Tagged: video

The Figure in Contemporary Art: Bodies on Film.



Richard Serra, Hand Catching Lead, 1968. Around the time Serra created this video, he had compiled this verb list, which he went about illustrating through his art. The whole exercise was about material and the body meeting in one simplified action or process. Questions of identity, motive, or emotion are completely separated from this work. It’s simply a hand and a verb.

I recently organized a show of new media works, and realized that my series of short photo essays exploring the human figure in contemporary art was missing a new media presence. With this in mind, I focused my attention towards those dark rooms designated for video art in museums in Beacon, Indianapolis and New York City. Here’s what I found:

Francis Alÿs, Tornado. Part of Alÿs’s solo show at MoMA, A Story of Deception (which is up through August 1). I was taken by photographs of this video so I was excited to finally see the work in person. The video includes footage of Alÿs viewing the tornado from a safe distance, as well as intense shots by him as he runs right into the heart of the storm. Watching the artist’s tiny figure facing down these huge desert dust-devils might seem pointless and painful. But there’s something poetic about it, too — the lonely figure of a man chasing down something profoundly beautiful, powerful and dangerous.

Why Andy Warhol’s ‘Empire’ looks janky.


A still from Andy Warhol’s Empire. (Image courtesy of MoMA. © 2011 Andy Warhol Foundation for the Visual Arts / Artists Rights Society (ARS), New York.)

Last month, when Liz Arnold (the damsel behind @WNYCculture) and I spent the day live Tweeting all eight hours of Andy Warhol’s static shot of the Empire State Building at the Museum of Modern Art, a number of folks brought up the issue of the film’s quality. Though originally shot on 16mm film, Empire was being shown as a digital transfer (as was the rest of the Andy Warhol: Motion Pictures exhibit — except for a single screen test, featuring Ethel Scull). Now, I’m no film geek (I know more about rainforest ecosystems than I do about film), but the picture did look pretty darn blurry in a non-16mm kind of way, and if you sat in the front rows, you could literally see the pixels.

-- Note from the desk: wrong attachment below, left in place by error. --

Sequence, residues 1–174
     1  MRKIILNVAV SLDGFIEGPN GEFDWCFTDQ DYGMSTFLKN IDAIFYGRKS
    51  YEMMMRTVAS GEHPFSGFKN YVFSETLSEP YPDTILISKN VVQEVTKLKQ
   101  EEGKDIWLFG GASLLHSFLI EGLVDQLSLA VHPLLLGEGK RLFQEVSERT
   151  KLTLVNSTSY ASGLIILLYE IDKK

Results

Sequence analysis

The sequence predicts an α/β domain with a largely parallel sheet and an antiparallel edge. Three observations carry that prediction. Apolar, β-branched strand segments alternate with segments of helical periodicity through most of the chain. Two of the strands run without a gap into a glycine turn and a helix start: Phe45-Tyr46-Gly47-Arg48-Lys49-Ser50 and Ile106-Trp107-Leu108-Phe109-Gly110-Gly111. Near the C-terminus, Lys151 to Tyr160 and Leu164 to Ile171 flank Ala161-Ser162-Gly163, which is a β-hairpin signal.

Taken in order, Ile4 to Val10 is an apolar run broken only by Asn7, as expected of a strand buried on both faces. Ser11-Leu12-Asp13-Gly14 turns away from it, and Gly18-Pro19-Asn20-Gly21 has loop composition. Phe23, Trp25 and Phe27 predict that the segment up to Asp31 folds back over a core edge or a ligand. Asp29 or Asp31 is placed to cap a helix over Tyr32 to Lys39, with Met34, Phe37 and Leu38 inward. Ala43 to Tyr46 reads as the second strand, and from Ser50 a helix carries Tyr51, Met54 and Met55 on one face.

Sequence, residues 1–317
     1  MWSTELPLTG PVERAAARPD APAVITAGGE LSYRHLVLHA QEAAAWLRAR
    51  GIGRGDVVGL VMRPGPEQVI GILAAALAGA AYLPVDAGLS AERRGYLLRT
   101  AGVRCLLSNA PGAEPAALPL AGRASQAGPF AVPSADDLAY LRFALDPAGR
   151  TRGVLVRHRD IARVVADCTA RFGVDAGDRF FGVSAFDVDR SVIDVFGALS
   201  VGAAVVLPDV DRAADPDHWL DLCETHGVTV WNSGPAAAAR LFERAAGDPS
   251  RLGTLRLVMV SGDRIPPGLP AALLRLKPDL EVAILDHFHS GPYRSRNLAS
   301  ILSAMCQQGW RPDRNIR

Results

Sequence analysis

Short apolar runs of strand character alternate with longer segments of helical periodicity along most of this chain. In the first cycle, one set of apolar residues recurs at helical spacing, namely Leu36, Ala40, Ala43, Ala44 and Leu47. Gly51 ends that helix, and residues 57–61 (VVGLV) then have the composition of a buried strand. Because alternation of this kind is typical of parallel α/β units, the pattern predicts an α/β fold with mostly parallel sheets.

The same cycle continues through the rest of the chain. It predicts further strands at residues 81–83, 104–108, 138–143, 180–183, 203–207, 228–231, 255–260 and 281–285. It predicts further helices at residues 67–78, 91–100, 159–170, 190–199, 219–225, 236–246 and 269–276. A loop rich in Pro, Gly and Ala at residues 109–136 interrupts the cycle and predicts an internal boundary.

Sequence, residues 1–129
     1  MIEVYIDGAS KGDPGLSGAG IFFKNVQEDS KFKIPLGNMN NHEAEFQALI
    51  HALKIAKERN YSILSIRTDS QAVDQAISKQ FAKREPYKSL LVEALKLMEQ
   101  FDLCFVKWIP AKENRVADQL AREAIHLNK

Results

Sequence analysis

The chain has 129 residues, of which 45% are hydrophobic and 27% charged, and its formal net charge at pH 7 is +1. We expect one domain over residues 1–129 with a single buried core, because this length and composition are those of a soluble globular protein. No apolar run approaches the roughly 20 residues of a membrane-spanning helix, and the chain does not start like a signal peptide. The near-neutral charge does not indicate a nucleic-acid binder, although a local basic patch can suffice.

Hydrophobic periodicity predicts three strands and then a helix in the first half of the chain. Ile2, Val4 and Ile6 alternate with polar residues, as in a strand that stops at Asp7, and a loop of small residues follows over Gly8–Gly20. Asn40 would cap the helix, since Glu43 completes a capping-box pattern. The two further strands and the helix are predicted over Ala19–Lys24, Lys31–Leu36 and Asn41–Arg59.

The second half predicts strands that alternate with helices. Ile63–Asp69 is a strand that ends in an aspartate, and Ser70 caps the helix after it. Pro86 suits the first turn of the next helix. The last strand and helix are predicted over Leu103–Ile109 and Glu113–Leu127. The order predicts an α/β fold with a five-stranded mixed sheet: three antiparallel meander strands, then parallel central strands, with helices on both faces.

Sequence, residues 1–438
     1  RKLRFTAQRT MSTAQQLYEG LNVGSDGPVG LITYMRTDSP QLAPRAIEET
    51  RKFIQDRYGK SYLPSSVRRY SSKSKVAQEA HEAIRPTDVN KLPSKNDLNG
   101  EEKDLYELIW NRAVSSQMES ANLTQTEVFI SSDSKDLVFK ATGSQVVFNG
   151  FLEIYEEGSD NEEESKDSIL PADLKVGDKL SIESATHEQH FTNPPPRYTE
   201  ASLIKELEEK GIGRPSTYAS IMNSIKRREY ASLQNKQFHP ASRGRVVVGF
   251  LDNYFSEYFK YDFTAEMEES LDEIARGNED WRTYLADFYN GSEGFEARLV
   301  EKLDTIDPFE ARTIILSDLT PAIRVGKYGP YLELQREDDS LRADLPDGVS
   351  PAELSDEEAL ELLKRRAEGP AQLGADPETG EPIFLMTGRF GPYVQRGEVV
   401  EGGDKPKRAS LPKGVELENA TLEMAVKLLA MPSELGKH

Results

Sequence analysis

Which is why I read Amy Taubin’s review of the exhibit in the March issue of Artforum with great interest. (Yes, I was reading Artforum. It was a moment of weakness.) In it, she addresses the poor quality of the transfers and asks the very good question, “What, in fact, is being shown?” After poking around, this is what she came up with:

MoMA then referred me to the source of those transfers, the Warhol Museum, and I discovered that the latter had relied on one-inch and Betacam SP tape ‘masters’ made from the 16mm films. These crude, outdated analog video formats were used as the intermediates for the digital files…

In other words, what we were gazing on at MoMA wasn’t just a copy — but a copy of a copy. (Crazy!) Or as Taubin puts it: “garbage in, garbage out.” For the record: I verified this directly with a spokesperson from the Warhol Museum — who also told me that the 16mm-to-Beta transfer took place back in the ’90s. In other words, for eight hours, we stared at a copy of an old copy.

So, there you go, film nerds: question answered. And if you happen to be within reaching distance of the March Artforum, you’ll find Taubin’s worthwhile (if nuclear) review on p. 260.

Andy Warhol: Motion Pictures is up at the Museum of Modern Art through Monday.